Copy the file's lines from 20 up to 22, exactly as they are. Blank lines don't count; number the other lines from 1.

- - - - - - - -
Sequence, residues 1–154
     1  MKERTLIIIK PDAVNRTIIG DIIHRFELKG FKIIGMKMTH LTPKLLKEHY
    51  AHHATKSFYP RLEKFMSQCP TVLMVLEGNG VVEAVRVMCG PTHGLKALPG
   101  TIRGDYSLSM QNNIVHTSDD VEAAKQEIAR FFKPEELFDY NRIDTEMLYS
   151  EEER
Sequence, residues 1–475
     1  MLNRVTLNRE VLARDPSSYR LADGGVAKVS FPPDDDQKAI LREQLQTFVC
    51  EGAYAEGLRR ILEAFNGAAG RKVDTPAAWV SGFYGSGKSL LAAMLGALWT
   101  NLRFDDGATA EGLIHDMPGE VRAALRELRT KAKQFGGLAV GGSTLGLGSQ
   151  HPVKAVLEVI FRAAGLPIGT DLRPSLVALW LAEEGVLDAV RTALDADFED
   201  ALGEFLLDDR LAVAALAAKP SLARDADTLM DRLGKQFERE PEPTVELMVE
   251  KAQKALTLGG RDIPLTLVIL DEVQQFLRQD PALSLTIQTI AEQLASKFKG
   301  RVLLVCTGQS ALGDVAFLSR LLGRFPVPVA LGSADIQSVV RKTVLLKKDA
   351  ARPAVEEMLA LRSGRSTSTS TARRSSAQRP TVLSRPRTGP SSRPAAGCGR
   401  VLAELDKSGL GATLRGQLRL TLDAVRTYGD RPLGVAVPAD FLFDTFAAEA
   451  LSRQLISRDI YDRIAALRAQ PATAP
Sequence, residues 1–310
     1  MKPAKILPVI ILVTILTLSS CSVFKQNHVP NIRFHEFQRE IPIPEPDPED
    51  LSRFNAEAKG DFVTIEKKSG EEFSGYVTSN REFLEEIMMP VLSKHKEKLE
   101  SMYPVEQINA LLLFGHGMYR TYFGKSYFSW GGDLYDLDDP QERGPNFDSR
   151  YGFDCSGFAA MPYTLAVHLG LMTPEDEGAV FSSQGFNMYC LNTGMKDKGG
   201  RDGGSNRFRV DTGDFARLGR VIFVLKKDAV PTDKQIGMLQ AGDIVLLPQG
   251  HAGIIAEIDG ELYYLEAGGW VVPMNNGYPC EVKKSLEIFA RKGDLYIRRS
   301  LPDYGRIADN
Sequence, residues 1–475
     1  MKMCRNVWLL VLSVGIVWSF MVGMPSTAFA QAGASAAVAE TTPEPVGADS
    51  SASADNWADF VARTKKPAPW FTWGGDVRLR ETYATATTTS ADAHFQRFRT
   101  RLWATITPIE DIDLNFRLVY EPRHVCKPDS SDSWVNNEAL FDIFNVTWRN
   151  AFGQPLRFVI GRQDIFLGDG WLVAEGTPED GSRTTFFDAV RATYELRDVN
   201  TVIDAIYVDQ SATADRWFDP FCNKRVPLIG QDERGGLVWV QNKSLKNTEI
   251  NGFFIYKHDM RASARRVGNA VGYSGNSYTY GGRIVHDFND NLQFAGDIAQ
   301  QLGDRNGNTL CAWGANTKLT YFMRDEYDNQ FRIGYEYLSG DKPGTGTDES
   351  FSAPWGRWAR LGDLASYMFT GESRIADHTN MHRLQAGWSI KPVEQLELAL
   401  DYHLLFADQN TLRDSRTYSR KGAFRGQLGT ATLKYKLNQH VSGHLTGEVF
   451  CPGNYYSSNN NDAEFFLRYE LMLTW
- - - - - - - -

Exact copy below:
   101  SMYPVEQINA LLLFGHGMYR TYFGKSYFSW GGDLYDLDDP QERGPNFDSR
   151  YGFDCSGFAA MPYTLAVHLG LMTPEDEGAV FSSQGFNMYC LNTGMKDKGG
   201  RDGGSNRFRV DTGDFARLGR VIFVLKKDAV PTDKQIGMLQ AGDIVLLPQG